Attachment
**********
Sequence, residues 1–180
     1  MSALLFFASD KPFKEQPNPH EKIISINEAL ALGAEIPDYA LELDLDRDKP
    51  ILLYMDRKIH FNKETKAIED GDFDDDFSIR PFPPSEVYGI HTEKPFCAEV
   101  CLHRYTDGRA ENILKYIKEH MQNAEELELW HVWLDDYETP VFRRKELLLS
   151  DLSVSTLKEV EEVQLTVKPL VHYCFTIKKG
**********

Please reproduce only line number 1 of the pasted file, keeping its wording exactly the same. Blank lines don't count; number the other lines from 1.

Sequence, residues 1–180